3. A rear-view mirror arrangement for an automotive, vehicle having a roof, a dashboard and a windshield between said roof and dashboard, said arrangement involving an opening in said roof adjacent the upper end of said windshield, a hood covering said opening and with its interior open to the rear, a group of mirror sections disposed on the interior of the front wall of said hood and including a central section facing rearwardly along the longitudinal axis of such vehicle and a right wing section and a left wing section, each facing rearwardly across said longitudinal axis; a second and corresponding group of mirror sections disposed adjacent the rear edge of said opening and at a lower elevation; the left wing sections of said first group being tilted downwardly to direct reflected light to the right wing section of said second group, the right wing section of said firstgroup being tilted downwardly to direct reflected light to the left wing section of said second group, and the central section of said first group being tilted downwardly to direct reflected light to the central section of said second group; said second group of mirror sections being tilted downwardly to direct reflected light toward said dashboard; and a third and corresponding group of mirror sections disposed on said dashboard in the path of reflected light from said second group, the left section thereof being tilted upwardly to reflect light from the right section of said second group to the eye of a driver, the right section of said third group being tilted upwardly to reflect light from the left section of said second group to the eye of such driver, and the central section of said third group being tilted upwardl to reflect light from the central section of said second group to the eye of such driver.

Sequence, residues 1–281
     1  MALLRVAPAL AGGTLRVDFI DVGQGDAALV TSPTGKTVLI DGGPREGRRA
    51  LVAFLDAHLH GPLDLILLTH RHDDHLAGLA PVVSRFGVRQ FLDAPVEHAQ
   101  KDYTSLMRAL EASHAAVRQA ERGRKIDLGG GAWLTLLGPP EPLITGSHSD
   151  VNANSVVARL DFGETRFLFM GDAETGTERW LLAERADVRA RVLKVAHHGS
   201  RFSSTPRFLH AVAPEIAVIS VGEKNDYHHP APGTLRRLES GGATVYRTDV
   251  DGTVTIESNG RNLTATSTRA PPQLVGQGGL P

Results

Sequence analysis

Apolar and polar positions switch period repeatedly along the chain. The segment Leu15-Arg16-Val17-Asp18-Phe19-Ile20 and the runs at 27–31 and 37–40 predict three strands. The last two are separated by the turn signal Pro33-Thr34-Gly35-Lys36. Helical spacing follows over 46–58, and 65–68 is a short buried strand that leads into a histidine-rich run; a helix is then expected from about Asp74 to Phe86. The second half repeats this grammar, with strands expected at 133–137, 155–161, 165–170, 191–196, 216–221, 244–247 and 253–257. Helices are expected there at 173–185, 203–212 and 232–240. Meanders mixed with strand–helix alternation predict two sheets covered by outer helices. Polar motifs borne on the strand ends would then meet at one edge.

4. A rear-view mirror arrangement for an automotive vehicle having a roof, a dashboard and a windshield between said roof and dashboard, said arrangement involving an opening in said roof adjacent the upper end of said windshield, a hood covering said opening and with its interior open to the rear, a group of mirror sections disposed.